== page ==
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Garden Article March 14, 2020

It won’t be long before the buds on the fruit trees start to swell.  This means it is time to start pruning.  Late winter and early spring are the best times to prune fruit trees because you can easily see where to cut.

The first thing is to have a good set of pruning shears, loppers and if doing rejuvenated pruning a curved pruning saw or a chain saw.  When making pruning cuts back to a main branch do not leave a stub but do leave the branch collar. The branch collar is the raised area that surrounds the base of every branch. It is easily discernable. This is where tree growth changes from trunk to branch. The branch collar is where trees produce the protective callus.  When a limb is cut, the tree seals off the area with a dry covering called a callus. The callus is generated in the branch collar and slowly works its way toward the center of the cut. If the branch collar is damaged, the tree cannot seal the area off properly. Often, this is how moisture enters a tree, leading to rot and decay and, potentially, the death of a tree.

When heading back branches cut quarter inch above a lateral bud, sloping down and away from the bud. Avoid cutting too close, or steep, or the bud may die.

Start the pruning process by removing dead, broken, diseased or insect riddled branches. Now remove any branches growing from the base of the tree.  These are called suckers and are actually growing from the tree’s rootstock, not from the fruiting part of the tree.  On the tree remove any branches growing straight upward, these are water sprouts and are not fruitful.

Now starts the process of thinning out the tree to let in more light, and air circulation which will lessen the chances for insects and diseases and aids in the increase of fruit production.  Remove any branches that are crossing over or rubbing against one another. Then remove any branches that are growing downward toward the center of the tree.

Once this is accomplished, stand back and see if you missed any branches that should be removed.  The goal now is to have evenly spaced branches throughout the tree.  Remove any branches that may be competing for space with other branches. The goal is to have six to twelve inches of air space around every branch.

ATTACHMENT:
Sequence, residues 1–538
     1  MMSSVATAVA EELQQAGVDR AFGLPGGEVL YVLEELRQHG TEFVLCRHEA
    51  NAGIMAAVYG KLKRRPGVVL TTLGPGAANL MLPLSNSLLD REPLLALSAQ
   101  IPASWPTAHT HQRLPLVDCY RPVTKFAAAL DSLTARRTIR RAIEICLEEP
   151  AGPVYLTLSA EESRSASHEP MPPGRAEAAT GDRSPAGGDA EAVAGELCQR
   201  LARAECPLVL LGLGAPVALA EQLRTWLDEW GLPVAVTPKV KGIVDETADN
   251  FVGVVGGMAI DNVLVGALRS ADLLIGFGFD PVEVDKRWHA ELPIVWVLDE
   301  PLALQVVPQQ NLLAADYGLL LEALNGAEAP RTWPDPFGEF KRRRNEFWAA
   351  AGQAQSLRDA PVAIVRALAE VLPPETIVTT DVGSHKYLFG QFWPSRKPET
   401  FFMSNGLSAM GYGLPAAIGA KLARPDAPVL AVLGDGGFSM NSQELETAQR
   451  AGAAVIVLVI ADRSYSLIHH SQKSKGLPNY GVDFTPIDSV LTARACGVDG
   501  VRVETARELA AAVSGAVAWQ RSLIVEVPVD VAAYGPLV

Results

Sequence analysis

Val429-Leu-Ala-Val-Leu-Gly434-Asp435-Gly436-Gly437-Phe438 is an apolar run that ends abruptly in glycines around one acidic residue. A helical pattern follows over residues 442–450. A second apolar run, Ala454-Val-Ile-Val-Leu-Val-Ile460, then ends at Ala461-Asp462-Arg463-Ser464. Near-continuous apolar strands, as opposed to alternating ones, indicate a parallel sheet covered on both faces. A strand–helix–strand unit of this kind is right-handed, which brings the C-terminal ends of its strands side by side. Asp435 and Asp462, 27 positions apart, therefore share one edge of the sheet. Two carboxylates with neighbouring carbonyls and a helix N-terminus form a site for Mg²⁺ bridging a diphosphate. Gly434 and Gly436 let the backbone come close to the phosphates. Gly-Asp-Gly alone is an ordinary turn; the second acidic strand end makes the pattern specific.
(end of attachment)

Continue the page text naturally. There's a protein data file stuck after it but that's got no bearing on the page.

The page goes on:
The final step is to prune back the outer most branches so the branches become shorter and thicker as they grow.  This will help prevent these branches from snapping under the weight of the fruit plus it will help activate growth lower in the canopy making for smaller and fruitful trees. What you are doing here is removing twenty to thirty percent of last year’s growth.   Last year’s growth can be distinguished from two year old growth by the wrinkly ring of bark encircling each branch.  Depending on the vigor of last year’s growth this may be anywhere from two inches to four feet back from the tip of the branch.  Prune each branch back to a quarter inch above a bud that faces the direction you want the branch to grow.

Once trees are pruned they should be fertilized.  Apply three to four cups of Sustane Organic Fertilizer per tree. The best way to apply is to make four or more holes about three feet from the trunk with a pipe and fill these holes with the recommended amount of Sustane fertilizer.  The reason for the holes is to get the fertilizer accessible to the roots as quickly as possible.  Sustane fertilizer won’t burn the roots so there is no fear in harming the tree.

If you have any fruit trees that haven’t been pruned for years then let this be the year to rejunivate them.  When doing rejunivating two thirds of the tree shoud be on the ground when finished. You may or may not get fruit this year but by maintaining good pruning practices you should be rewarded for many years to come.

Garden Tip: Once trees are pruned and fertilized then spray them with a dormant oil spray to kill any overwintering insect eggs on the tree.  Spray the entire tree, getting the spray into all the nooks and crannies of the bark. An oil spray will give you a headstart on controlling the insects that attack fruit trees if applied properly.

Dave Vargo is the owner of Arnold Feed & Garden Ctr (724-335-1821) and Kiski Plaza Garden Ctr. (724-845-8201) Visit their web site at www.kiskigardencenter.com Email questions to dvargokiski@comcast.net all products mentioned in this article are available at either garden center



Dave Vargo is the owner of and Kiski Plaza Garden Ctr. (724-845-8201) Visit their web site at www.kiskigardencenter.com Email questions to dvargokiski@comcast.net all products mentioned in this article are available at the  garden center.